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My family identified me as a boy when I was born. They call me Kabir, a boy’s name. As I grew up, I became more and more certain of my gender identity as female. I eventually became convinced that gender transition was absolutely necessary for me to achieve peace of mind. Arina is the name I have chosen for my new identity.

My family is adamantly opposed to my transition. Their solution for the problem my gender dysphoria presents them with, is to torture me out of it. It is impossible to overstate what a difficult thing it is to be born as a transgender girl to a traditional Muslim family in a conservative rural village in West Bengal. Since I has no independent income, and because my severe anxiety disorder renders me unemployable, I presently have no option but to remain with my family and endure their abuse.

I run a blog named Diary of a Muslim Transgender Girl. I have a degree in Bengali literature. Someday, I hope to be in better circumstances so I can pursue an advanced degree in the field of psychology.

It is very difficult to live with untreated mental illness which interferes with your daily life and forces you to do things that you didn’t intend to do. The hardship is doubled when you don’t have any kind of support from friends and family. The stigma, the lack of understanding and fierce denial of the existence of my mental illness from relatives; and looking healthy from the outside is making my survival next to impossible.

I eventually became convinced that gender transition was absolutely necessary for me to achieve peace of mind.

Like many other effeminate boys, I had a tormented childhood. Getting bullied, teased and even beaten by my family for acting in a manner that was perceived as unacceptable with my assigned sex, was a daily part of my young life. But there was something superimposed to my sexuality, troubling my adolescence. It was my poor mental health.

The bullies did their job by causing me to be socially awkward. I avoided all social events in which I could be the subject of ridicule. I dealt with it by isolating myself in my room and believing in fairy tales, all the while confronting my bullies in my dreams as a way to avoid teenage depression; which was later identified apparently being due to significant gender dysphoria.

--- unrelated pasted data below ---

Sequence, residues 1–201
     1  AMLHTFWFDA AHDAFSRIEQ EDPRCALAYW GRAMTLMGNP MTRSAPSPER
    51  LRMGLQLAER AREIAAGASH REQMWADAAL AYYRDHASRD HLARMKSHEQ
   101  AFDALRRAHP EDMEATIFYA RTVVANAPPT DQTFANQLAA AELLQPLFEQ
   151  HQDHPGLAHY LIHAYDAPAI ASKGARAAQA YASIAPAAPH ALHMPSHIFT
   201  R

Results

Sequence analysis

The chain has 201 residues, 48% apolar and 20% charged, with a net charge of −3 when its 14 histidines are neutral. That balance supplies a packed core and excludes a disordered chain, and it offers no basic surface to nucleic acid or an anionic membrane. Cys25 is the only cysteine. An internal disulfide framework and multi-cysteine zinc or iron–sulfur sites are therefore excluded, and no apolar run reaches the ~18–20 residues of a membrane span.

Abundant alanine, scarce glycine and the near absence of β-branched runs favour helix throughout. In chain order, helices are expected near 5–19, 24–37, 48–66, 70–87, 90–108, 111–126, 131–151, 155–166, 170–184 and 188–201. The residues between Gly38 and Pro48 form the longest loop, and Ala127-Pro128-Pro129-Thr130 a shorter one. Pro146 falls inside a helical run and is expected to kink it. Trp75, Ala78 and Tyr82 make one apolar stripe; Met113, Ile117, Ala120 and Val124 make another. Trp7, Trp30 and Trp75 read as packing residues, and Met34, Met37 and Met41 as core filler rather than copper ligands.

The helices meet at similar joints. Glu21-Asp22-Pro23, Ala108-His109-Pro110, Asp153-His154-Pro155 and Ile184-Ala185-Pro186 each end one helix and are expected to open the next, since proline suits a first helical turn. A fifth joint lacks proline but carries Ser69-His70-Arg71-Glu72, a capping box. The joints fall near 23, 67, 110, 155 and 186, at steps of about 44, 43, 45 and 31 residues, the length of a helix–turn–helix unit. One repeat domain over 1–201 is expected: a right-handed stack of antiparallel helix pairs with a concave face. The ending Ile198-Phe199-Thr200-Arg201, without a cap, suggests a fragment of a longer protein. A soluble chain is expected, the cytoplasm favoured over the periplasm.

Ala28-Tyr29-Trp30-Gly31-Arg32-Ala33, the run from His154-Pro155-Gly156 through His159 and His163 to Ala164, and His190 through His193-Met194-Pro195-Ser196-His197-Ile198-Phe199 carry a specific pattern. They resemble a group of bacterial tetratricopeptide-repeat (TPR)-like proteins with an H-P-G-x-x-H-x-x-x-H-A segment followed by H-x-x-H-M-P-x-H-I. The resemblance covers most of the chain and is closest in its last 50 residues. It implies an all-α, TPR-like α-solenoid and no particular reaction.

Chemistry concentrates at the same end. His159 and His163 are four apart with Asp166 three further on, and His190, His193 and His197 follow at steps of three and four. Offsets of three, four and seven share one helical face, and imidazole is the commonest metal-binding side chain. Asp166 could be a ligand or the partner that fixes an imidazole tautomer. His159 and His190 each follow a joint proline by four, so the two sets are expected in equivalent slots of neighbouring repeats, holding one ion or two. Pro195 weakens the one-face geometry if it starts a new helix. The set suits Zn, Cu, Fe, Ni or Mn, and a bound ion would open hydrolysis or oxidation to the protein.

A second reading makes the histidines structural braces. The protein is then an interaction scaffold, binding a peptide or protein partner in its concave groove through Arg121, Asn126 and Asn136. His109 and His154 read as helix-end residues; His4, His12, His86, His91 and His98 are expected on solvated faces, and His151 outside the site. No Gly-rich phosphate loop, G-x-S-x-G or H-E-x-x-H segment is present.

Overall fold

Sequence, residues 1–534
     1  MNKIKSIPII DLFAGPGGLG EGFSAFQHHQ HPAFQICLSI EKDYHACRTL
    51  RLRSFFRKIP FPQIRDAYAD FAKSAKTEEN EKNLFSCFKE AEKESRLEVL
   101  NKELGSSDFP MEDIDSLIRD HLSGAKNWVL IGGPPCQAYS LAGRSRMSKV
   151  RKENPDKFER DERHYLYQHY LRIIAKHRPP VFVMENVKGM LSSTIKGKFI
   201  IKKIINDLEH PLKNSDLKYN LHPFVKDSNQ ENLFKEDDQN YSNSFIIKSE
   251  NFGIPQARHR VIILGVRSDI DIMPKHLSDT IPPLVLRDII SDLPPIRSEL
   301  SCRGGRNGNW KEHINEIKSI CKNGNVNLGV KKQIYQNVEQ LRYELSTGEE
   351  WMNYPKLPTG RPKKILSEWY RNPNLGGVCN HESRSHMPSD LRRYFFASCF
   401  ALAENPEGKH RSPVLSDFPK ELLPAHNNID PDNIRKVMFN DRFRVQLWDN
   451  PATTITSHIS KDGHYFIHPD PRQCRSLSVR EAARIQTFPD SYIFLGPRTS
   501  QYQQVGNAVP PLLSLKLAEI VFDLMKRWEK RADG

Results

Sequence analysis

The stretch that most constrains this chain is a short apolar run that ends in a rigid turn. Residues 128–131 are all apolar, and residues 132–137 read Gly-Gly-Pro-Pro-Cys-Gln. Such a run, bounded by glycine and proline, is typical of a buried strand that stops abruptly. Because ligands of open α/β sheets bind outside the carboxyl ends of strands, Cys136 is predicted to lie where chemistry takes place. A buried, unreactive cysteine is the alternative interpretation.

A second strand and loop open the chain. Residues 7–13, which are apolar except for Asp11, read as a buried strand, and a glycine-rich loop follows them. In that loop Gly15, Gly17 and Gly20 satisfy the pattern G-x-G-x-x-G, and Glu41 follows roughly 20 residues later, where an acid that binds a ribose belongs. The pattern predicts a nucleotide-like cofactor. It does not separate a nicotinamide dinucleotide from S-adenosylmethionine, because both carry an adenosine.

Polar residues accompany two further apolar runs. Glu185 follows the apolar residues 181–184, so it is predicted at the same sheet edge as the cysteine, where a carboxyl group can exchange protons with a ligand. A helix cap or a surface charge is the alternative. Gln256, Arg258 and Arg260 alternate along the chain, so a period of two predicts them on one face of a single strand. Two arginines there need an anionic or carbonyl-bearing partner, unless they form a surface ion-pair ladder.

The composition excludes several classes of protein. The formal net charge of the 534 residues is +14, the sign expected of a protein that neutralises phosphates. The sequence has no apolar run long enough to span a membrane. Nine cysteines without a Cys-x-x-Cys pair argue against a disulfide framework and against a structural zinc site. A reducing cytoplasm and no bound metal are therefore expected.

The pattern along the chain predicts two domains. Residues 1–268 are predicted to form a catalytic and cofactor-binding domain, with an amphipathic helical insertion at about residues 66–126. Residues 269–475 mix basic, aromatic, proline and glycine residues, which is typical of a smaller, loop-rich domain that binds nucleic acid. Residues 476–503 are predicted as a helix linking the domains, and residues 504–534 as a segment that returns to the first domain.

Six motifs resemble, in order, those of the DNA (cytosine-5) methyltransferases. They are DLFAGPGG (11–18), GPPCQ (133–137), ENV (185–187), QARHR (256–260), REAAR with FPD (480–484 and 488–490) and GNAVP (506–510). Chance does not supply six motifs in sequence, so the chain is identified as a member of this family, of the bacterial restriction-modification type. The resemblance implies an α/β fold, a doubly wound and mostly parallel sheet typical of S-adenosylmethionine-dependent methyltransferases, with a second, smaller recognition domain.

When I grew up, I became aware that my mental illness was becoming disabling. I found myself being unable to do simple things like crossing roads, interacting with people, taking a bus, going to the bank, standing in a queue, taking elevators or escalators. It is hard for me to even maintain personal hygiene.

I always have to depend on someone to help me do things. When I try to do them myself, my fear intensifies and I develop a pounding heart, dizziness and feel as though I’m about to faint. My anxiety sometimes has physical manifestations which resemble paralysis. I had a friend who helped me at times, but then abandoned me later. I begged him not to leave me, to no avail.

I dealt with it by isolating myself in my room and believing in fairy tales, all the while confronting my bullies in my dreams as a way to avoid teenage depression.

Many people have shamed me for having a mental illness. They call me “parasite”, “burden”, “childish” and even “handicapped”. I am not ashamed of being called handicapped, but the way they made it sound was truly hurtful! Some even ridiculed me for getting treatment for mental illness:

“Paying four hundred rupees to a psychiatrist is just a luxury “
“You are taking medicine for fear? Try to read Vivekananda’s books, you will get rid of all your fears!”
“We took you to a counselor twice and you conspired with her to become a woman. Mental illness is just an excuse for you. I think you need a good beating to cure all your mental illness.”

Meanwhile, in an attempt to cure the distress from the significant dysphoria, I self-medicated with female hormones. When my parents discovered my secret attempt at transition, the situation in my home worsened. They tortured, threatened, humiliated, mocked and even tried black magic on me.

I was living in a toxic household with constant persecution from eight family members which only served to fuel my anxiety. I couldn’t run from my parents because my anxiety threw me into a catatonic state. I found it unbearable to endure all their torments for such a prolonged period of time. I could hear them yelling at me even in my sleep. I shook in fear while sleeping!

Abuse feels the same at any age.

I became desperate for help. I called mental health institutions and emailed organisations working with mental health issues and asked them if they could relocate me or if they could provide me with remote primary treatment via Skye to deal with issues like panic attacks or insomnia. But the receptionists at these offices were annoyed at my asking something unusual. I became more desperate and asked about the possibility of electric shock therapy for curing my illnesses. I started hating myself for not being able to free myself from the grip of illness and violence.

Also Read: Living Like ‘The Danish Girl’ In Today’s India: A Trans Woman’s Account

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